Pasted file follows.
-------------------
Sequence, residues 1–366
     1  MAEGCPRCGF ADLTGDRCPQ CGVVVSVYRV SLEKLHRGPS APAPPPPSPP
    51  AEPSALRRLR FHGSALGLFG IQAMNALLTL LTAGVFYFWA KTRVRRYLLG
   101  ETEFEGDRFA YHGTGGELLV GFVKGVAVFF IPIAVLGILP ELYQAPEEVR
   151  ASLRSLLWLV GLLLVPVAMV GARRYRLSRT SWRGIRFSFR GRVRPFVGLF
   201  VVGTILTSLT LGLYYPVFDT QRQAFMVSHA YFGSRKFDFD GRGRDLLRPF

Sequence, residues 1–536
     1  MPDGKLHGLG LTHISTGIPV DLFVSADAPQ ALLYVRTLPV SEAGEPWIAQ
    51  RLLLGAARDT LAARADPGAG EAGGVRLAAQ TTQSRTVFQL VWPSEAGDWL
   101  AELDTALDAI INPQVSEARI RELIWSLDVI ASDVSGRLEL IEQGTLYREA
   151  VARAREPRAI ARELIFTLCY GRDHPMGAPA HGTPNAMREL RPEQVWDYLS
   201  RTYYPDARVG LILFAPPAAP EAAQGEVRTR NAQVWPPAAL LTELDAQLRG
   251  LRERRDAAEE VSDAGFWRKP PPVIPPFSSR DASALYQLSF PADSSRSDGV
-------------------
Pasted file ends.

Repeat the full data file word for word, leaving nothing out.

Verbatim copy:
Sequence, residues 1–366
     1  MAEGCPRCGF ADLTGDRCPQ CGVVVSVYRV SLEKLHRGPS APAPPPPSPP
    51  AEPSALRRLR FHGSALGLFG IQAMNALLTL LTAGVFYFWA KTRVRRYLLG
   101  ETEFEGDRFA YHGTGGELLV GFVKGVAVFF IPIAVLGILP ELYQAPEEVR
   151  ASLRSLLWLV GLLLVPVAMV GARRYRLSRT SWRGIRFSFR GRVRPFVGLF
   201  VVGTILTSLT LGLYYPVFDT QRQAFMVSHA YFGSRKFDFD GRGRDLLRPF

Sequence, residues 1–536
     1  MPDGKLHGLG LTHISTGIPV DLFVSADAPQ ALLYVRTLPV SEAGEPWIAQ
    51  RLLLGAARDT LAARADPGAG EAGGVRLAAQ TTQSRTVFQL VWPSEAGDWL
   101  AELDTALDAI INPQVSEARI RELIWSLDVI ASDVSGRLEL IEQGTLYREA
   151  VARAREPRAI ARELIFTLCY GRDHPMGAPA HGTPNAMREL RPEQVWDYLS
   201  RTYYPDARVG LILFAPPAAP EAAQGEVRTR NAQVWPPAAL LTELDAQLRG
   251  LRERRDAAEE VSDAGFWRKP PPVIPPFSSR DASALYQLSF PADSSRSDGV